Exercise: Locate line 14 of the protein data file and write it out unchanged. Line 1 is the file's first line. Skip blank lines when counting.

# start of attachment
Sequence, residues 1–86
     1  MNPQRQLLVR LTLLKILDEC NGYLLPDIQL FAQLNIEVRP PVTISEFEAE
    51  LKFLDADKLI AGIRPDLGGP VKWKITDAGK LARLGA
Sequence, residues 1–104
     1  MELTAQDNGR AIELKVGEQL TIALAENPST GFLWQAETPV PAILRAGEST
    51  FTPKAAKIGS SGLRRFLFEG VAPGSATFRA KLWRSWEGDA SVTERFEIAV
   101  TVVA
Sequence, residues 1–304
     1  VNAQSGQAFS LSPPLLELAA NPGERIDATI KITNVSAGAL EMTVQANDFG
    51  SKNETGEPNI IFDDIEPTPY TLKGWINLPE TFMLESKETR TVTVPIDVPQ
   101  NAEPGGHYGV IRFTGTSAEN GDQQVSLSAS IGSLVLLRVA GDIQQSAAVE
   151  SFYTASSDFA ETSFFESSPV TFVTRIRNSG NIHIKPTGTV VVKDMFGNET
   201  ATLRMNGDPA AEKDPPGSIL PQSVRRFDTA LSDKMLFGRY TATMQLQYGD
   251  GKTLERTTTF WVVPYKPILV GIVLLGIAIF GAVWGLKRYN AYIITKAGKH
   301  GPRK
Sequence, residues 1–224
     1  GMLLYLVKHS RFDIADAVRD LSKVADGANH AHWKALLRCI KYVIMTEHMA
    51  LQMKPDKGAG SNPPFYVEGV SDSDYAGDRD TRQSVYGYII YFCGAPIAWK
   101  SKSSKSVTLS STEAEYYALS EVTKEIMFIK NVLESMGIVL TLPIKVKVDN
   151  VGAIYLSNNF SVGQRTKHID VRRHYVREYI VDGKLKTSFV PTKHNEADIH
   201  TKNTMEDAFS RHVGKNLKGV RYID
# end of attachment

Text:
   251  GKTLERTTTF WVVPYKPILV GIVLLGIAIF GAVWGLKRYN AYIITKAGKH